Hopefully at this point your computer is responsive and the virus has been disabled, loosening the paralyzing grip it had on Windows. Here are 2 other optional things to try if something isn’t quite right.

  • System Restore – Windows periodically takes a snapshot of important system files. That way if an update fails or a software installation goes wrong you can flash back to the snapshot. This can be useful to go back to a point in time before the virus when the computer was functional.
  • Re-create The User Profile – First log into a different profile with administrative privileges. For WORKGROUP computers in most homes and some small businesses, go to C:\Users and find the profile you normally use and rename it. i.e. From C:\Users\name to C:\Users\name.old.  For computers on a DOMAIN follow these instructions. After you complete these steps you will have to log back into your original profile and copy\merge the Desktop, My Documents, Outlook Files, My Pictures, etc. over from the .old folder you renamed to the new folder that matches the username. You may also have to setup e-mail again, add any archives\personal folders, and re-install some software or printers.

Now you will want to remove any leftover unwanted software, toolbars or add-ons –

  1. Within the Control Panel go to Programs and Features and examine the list of applications on your computer. It may be a lengthy list of some items you recognize and others you are not quite sure about.
  2. Adwcleaner will help to get rid of most unwanted items. First you click Scan and once the scan is complete it gives you an opportunity to go through each tab and uncheck anything you want to keep. The you click Clean and it will prompt to restart the computer to complete cleanup and then generate a log file once the restart is complete.
  3. Should I Remove It? is a website you can search and also a program you can install to scan your computer and give you ratings and information about programs to help decide whether or not to keep it.
  4. If any program gives you a problem trying to un-install it, you can use this Microsoft Fixit tool that may be able to remove it.
  5. Change your homepage back to your own selection within each web browser, also disable and remove any unwanted extensions or add-ons. Change the search engine back to one of your choice. If something still isn’t right with your web browser such as freezing or crashing, reset your web browser back to default settings. Links to reset Internet Explorer, Firefox, and Google Chrome.

If you are having problems with Windows related services and features being disabled or non-functional –

  • ESET services repair is a quick and easy tool that can help with fixing broken services such as Windows Update, and Windows Firewall.
  • Windows Repair All In One is a comprehensive tool to repair damage from Malware. The Backup tab is useful to create a registry backup or System Restore point before going to the Start Repairs tab. You also have the option to unhide files that may have been hidden.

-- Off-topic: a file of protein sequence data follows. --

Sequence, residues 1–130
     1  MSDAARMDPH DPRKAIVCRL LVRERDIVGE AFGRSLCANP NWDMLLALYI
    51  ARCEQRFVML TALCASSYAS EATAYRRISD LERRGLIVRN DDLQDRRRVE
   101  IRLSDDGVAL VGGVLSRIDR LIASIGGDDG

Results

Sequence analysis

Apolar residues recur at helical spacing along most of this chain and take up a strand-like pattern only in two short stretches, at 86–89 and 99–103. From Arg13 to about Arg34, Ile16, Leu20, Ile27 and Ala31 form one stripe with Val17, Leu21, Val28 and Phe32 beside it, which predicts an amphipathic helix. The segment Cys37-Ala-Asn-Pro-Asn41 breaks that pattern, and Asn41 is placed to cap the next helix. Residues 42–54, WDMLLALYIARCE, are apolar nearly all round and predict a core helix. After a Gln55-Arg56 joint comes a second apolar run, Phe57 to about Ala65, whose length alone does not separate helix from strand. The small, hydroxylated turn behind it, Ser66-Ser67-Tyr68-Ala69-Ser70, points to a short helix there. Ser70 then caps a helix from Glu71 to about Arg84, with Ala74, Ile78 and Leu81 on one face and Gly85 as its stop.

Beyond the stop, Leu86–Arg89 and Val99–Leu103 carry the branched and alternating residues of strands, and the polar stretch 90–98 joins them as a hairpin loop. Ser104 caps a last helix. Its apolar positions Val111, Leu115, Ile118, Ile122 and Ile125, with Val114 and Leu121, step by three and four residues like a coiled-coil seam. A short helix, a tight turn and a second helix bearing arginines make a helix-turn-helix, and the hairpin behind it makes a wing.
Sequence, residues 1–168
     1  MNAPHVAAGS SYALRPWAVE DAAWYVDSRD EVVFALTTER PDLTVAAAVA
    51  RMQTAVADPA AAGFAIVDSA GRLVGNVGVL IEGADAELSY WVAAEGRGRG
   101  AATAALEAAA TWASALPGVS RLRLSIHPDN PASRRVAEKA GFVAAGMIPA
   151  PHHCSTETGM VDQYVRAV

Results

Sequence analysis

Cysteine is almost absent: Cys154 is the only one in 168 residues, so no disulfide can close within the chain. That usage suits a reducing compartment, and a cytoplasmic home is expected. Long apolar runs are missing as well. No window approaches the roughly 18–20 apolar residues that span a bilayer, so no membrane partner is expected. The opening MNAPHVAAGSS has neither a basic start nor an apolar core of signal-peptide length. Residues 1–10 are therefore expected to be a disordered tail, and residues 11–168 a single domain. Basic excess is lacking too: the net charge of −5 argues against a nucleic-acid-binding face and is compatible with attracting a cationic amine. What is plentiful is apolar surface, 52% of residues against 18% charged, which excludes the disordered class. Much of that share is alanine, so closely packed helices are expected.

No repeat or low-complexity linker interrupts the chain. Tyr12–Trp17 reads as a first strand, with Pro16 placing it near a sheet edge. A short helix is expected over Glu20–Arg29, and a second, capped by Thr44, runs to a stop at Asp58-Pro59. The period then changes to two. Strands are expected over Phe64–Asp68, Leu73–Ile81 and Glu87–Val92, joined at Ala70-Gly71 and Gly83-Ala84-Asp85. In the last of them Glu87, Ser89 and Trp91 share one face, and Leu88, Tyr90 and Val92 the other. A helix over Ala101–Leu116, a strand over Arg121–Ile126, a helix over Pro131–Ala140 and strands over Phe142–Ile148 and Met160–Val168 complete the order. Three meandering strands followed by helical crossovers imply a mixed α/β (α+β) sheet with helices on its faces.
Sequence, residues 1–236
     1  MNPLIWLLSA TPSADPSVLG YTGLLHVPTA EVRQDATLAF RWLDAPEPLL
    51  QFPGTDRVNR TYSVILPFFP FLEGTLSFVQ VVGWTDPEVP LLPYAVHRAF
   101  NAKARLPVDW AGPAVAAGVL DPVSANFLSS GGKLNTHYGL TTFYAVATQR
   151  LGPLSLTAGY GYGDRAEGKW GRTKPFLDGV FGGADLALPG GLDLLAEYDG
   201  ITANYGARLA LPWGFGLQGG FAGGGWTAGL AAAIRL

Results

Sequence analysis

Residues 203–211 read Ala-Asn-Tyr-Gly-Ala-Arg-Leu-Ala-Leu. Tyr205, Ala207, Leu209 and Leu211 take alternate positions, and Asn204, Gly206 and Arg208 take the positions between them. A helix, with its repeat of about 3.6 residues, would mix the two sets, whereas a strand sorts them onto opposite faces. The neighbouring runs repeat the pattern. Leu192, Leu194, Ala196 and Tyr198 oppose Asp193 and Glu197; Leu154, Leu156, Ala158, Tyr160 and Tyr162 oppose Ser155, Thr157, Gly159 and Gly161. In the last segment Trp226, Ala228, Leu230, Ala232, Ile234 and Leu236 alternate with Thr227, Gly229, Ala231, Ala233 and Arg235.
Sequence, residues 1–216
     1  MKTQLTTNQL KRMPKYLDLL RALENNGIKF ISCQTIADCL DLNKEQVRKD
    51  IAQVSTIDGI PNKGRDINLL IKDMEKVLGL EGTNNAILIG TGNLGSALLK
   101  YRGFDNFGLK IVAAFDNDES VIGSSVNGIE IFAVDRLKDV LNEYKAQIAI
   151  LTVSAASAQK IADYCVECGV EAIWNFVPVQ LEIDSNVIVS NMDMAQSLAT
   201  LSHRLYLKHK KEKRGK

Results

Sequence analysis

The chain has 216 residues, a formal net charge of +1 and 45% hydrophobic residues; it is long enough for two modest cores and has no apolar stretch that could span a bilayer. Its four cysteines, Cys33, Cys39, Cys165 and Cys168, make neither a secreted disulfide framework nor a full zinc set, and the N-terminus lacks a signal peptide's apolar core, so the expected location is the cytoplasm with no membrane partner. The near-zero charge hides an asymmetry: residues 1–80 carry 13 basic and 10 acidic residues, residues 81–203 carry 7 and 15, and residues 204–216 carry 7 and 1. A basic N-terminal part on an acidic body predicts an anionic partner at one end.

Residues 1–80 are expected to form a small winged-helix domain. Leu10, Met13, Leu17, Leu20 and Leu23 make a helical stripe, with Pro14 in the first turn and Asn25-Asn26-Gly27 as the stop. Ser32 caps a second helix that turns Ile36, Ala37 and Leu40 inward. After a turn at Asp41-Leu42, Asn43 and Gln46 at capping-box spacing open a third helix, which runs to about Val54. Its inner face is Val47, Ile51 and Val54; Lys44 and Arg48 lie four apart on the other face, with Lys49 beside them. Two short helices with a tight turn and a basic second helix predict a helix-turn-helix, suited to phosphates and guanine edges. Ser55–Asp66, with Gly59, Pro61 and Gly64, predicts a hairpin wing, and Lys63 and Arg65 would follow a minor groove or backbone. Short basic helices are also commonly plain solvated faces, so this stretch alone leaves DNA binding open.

• Using a search engine such as to search for articles on the error code you are receiving. Websites that allow proposed solutions to be rated and commented on are helpful to sort through what works and what doesn’t.
  • System File Checker can be used to verify Windows files are in good shape, otherwise SFC will replace them with a good copy.
  • Running Check Disk from the command prompt will reboot your computer to scan the hard drive for errors. chkdsk /F is a good place to start. Chkdsk relies on the autochk.exe file to function so if you run chkdsk and your computer doesn’t run a scan during reboot there is a good chance you might have to first repair it with System File Checker.

Finally it would be good to check if these items are functional and up-to-date: Security\Anti-virus software, Windows Updates, and other applications that may be targeted by exploits.

  • If you need to install anti-virus software you can read through Dennis Technology Labs’ reports on Anti-virus protection. Avast! and AVG are a few options appearing on this list that are effective and free.
  • Based on this Kaspersky Security Bulletin the top applications exploited by cyber criminals include Oracle Java, Windows components, Adobe Acrobat\Reader\Flash Player, Internet Explorer, and Microsoft Office and therefore should have top consideration for being updated. However if you work with this computer you may want to consult with your IT Department before updating these items to confirm any specialized software you use to do your job will still be compatible with these updated versions.


 Final Thoughts


Cleaning your computer of malware is a process that requires time and patience. Depending on your situation and available resources sometimes it is just faster to re-format or factory reset your machine, restore files and folders from backup, and re-install software with any serial # key if required. If you can’t find your documentation containing the serial # keys, Belarc Advisor can run a scan and generate a web report of information about your computer, including a section called Software Licenses with a list of keys.

Going forward just know that with the Internet, there is always a catch. “Free” software will always try and include a bunch of optional software that you will want to read though and most likely uncheck or opt out of. Websites will want to mislead and offer software or updates that you do not need. Your e-mail address and personal contact information will be requested in order to access information. Sometimes giving up this information is not necessary and there may be other better sites that let you readily access information. You may get an e-mail with an attachment from someone you do not know, and it is ok to not open the attachment and delete the e-mail or mark it as spam if there is no other way to contact this person to verify their identity or intent. Showing restraint when encountering different requests to install or make changes on your computer can help prevent infections in the future, and keep you productive.